Lawsuit Over College Athletes' Image Rights Finally Goes to Trial
A lawsuit over the usage of college athletes' images goes to trial beginning today, and the ramifications could reach far and wide if U.S. District Judge Claudia Wilken rules in favor of the plaintiffs.
The suit, filed by former UCLA basketball player Ed O'Bannon back in 2009, seeks compensation for the usage of the names, images, and likenesses for former and current college athletes. Currently, college athletes are not permitted to benefit financially in any way from their likenesses, a policy which prohibits them from autographing memorabilia to be sold, appearing in paid advertisements, or receiving compensation for their appearances in video games and other products.
If Wilken rules in favor of O'Bannon and his co-plaintiffs, it could undermine the NCAA's concept of amateurism. And with the NCAA's current model under fire from many different directions—from the ongoing unionization efforts by Northwestern University football players to a class-action lawsuit accusing the NCAA of violating antitrust laws by capping student-athletes compensation at the value of a scholarship—a loss in the O'Bannon trial could add further fuel to the fire of the other challenges the association is currently facing.
Back in November, Wilken ruled that former and current NCAA Division I men's basketball players and Football Bowl Subdivision players whose "images, likenesses, and/or names may be, or have been, included in game footage or in videogames licensed and sold by [the NCAA], their co-conspirators, or their licensees" can challenge the NCAA for its policy prohibiting compensation for athletes. The court prohibited athletes from seeking payment for past use of their names, images, and likenesses as a group, however. (They are allowed to seek damages individually.)
The ruling opened the door for certain current and future NCAA athletes to collect revenues from the sale of television rights and video games featuring their likenesses. Lo and behold, the NCAA announced a $20 million settlement on Monday between EA Sports (a video game manufacturer), the Collegiate Licensing Corporation and a group of Division I men's basketball and Football Bowl Subdivision Players who attended certain institutions during the years the games were sold. The settlement could result in some current football or men's basketball players receiving a payment from a settlement fund, according to the NCAA's release.
"Consistent with the terms of a court-approved settlement, the NCAA will allow a blanket eligibility waiver for any currently enrolled student-athletes who receive funds connected with the settlement," said NCAA chief legal officer Donald Remy in a statement. "In no event do we consider this settlement pay for athletics performance."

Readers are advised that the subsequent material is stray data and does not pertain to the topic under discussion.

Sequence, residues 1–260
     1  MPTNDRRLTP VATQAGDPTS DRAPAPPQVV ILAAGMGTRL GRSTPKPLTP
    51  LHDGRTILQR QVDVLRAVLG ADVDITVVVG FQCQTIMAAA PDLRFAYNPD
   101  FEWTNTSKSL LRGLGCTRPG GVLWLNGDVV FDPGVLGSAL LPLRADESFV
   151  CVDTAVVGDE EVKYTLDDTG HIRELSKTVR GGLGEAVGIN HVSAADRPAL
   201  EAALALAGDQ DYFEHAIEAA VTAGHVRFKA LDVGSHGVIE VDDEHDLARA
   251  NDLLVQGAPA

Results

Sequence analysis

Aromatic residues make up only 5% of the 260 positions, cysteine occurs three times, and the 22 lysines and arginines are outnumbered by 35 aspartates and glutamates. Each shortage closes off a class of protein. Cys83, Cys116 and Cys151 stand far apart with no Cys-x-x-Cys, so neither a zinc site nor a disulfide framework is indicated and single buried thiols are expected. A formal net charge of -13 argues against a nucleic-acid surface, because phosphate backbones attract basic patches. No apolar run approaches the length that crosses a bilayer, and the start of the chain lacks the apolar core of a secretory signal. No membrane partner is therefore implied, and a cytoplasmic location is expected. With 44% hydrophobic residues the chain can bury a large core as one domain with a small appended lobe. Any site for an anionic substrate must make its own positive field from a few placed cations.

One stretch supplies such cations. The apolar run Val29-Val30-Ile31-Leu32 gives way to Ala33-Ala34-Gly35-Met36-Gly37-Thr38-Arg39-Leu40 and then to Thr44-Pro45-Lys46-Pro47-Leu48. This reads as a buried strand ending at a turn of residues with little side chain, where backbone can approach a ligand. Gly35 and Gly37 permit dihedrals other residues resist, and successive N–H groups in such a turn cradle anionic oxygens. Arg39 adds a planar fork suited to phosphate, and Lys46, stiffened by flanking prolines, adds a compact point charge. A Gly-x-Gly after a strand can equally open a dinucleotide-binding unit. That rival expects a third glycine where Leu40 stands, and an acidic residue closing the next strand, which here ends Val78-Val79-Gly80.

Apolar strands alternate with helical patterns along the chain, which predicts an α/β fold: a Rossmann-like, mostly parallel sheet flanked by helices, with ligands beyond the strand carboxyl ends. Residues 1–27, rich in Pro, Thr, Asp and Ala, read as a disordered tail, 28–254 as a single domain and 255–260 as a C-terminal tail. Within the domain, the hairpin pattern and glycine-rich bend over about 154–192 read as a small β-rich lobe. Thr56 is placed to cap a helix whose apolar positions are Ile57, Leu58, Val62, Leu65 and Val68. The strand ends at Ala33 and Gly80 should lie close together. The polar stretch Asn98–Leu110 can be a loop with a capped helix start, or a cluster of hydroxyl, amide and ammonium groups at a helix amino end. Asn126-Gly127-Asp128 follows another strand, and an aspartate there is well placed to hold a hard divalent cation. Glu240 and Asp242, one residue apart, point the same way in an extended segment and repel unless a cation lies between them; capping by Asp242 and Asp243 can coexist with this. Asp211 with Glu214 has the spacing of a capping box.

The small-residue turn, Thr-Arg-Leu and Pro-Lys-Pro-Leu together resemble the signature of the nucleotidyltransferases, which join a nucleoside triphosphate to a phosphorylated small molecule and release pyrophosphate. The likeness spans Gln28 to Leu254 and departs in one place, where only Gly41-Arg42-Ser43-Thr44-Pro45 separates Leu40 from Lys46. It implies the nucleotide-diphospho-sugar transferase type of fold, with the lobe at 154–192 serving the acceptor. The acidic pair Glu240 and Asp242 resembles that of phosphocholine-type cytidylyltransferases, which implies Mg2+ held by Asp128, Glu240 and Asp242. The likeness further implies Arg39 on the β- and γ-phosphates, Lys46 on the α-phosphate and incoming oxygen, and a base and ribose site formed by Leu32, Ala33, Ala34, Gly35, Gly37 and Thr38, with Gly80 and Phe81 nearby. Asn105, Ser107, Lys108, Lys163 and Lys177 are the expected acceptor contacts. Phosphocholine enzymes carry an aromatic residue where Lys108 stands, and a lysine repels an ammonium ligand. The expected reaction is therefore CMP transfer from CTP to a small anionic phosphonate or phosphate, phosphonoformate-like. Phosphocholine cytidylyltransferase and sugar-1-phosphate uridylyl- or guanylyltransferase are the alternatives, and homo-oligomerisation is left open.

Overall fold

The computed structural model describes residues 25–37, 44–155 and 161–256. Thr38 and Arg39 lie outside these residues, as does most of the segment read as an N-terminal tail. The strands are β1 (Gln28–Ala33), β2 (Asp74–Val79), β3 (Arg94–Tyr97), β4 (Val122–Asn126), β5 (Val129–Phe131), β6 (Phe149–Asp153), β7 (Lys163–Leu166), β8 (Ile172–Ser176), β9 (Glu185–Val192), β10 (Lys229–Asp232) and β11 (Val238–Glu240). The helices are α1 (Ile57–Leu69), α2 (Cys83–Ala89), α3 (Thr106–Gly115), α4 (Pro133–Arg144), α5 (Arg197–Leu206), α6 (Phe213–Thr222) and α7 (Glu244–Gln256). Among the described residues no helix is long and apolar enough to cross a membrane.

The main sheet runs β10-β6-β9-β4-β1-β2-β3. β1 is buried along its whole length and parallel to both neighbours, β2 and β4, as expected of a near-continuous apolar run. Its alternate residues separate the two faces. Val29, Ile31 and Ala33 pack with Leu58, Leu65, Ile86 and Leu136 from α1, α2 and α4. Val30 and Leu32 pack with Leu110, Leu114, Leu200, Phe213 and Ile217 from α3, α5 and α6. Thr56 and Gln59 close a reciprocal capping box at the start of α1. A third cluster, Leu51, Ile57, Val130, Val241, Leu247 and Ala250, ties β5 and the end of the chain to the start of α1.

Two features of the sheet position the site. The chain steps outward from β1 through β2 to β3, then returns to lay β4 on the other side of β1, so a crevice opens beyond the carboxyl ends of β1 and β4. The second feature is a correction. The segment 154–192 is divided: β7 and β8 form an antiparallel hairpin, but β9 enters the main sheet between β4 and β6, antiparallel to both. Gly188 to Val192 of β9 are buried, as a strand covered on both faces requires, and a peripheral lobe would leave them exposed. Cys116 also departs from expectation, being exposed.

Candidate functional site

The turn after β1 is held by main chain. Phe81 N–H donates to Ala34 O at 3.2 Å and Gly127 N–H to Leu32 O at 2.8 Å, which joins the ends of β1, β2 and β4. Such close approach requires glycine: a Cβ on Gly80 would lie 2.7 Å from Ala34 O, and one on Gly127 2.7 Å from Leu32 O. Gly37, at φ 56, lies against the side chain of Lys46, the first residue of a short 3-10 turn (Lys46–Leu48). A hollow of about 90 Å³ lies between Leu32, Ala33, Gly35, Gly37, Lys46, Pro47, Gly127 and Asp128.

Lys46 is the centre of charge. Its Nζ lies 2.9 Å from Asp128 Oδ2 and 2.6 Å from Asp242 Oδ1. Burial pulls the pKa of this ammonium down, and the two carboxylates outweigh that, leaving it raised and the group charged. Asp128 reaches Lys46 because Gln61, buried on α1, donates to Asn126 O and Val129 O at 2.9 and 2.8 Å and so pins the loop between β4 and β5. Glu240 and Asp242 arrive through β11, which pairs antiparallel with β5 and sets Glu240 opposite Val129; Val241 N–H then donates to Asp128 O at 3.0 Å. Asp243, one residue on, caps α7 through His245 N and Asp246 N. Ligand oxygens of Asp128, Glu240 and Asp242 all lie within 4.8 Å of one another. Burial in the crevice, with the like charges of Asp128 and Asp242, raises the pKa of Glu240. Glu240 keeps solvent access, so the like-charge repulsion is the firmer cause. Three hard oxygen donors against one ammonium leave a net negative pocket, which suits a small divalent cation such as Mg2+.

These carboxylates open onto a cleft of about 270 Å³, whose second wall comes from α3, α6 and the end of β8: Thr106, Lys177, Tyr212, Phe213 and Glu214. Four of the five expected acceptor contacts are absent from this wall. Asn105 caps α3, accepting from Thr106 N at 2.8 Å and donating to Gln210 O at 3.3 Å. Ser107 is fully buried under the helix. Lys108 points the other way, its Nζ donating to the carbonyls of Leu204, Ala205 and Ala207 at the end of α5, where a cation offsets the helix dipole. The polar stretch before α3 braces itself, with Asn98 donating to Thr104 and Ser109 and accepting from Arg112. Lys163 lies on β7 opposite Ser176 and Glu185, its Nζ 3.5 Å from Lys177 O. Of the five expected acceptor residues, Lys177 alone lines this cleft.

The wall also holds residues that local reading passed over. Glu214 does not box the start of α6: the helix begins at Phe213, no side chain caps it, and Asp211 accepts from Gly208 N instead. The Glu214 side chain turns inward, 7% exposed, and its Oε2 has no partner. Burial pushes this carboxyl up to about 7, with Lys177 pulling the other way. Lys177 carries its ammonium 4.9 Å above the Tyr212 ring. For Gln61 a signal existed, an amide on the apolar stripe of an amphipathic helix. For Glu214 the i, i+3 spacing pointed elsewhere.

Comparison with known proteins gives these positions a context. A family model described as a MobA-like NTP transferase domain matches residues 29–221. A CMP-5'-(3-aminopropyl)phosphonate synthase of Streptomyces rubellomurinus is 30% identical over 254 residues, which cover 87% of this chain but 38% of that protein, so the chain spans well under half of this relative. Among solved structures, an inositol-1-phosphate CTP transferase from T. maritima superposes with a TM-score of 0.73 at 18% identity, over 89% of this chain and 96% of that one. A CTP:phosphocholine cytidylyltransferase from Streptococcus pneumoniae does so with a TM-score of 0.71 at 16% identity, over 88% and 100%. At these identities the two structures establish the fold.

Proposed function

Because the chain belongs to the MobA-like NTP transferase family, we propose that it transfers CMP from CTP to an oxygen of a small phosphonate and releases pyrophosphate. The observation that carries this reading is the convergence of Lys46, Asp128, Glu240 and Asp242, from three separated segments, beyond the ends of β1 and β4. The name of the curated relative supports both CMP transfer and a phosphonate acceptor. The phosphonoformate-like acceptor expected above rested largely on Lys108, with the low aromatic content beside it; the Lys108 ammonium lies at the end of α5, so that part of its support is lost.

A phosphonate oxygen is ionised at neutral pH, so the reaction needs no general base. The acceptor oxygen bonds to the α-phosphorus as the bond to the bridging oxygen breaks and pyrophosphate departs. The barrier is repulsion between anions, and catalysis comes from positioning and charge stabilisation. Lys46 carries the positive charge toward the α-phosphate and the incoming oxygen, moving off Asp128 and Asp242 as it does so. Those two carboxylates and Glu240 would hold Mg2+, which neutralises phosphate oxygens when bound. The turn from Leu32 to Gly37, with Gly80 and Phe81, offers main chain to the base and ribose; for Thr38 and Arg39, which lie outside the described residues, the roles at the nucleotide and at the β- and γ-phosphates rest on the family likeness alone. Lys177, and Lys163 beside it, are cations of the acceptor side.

The O'Bannon trial will last up to three weeks, according to CBSSports.com's Jon Solomon, and Wilken has reportedly made clear that she hopes to have reached a written verdict before September. While a settlement remains possible, per Sports Illustrated legal expert Michael McCann, it appears unlikely at the moment, as the NCAA hasn't opened those conversations with the O'Bannon team.
The NCAA attempted a last-ditch effort to delay the O'Bannon trial last month, per ESPN.com news reports, but Wilken ruled against the association, allowing the trial to proceed as scheduled.
"O'Bannon represents a watershed moment for the NCAA," Northeastern University School of Law professor Roger Abrams told ESPN.com's Lester Munson. "When combined with the Northwestern football team unionization effort, the case raises the question whether the NCAA must totally re-conceptualize its approach to regulating college athletics."
The underlying principles behind the O'Bannon suit has even caught the attention of Congress. Last month, three members of a U.S. Senate committee wrote a letter to NCAA president Mark Emmert, urging him to protect student-athletes from "exploitation." They specifically brought up the Northwestern unionization effort, saying, "If the NCAA were accomplishing its mission of protecting student-athletes from exploitative practices those efforts would be unnecessary and likely unsuccessful."
According to Solomon, the O'Bannon plaintiffs filed proposed language on Friday for an injunction should Wilken declare them victorious at trial. In short, it would ban the NCAA and all member institutions from restricting student-athletes from being compensated for their names, likenesses, and images—the direct antithesis of the NCAA's current "amateurism" model.
"A player should be able to take what they did in college and kind of use that to, to their advantage, at least there should be something monetarily in the bank for them when they're done, they can fall back on," O'Bannon told CNN.com's Sara Ganim.
Beginning on Monday, we'll see if Wilken agrees. The future of collegiate sports hangs in the balance.
Want all the latest K-12 sports news? Follow @SchooledinSport on Twitter.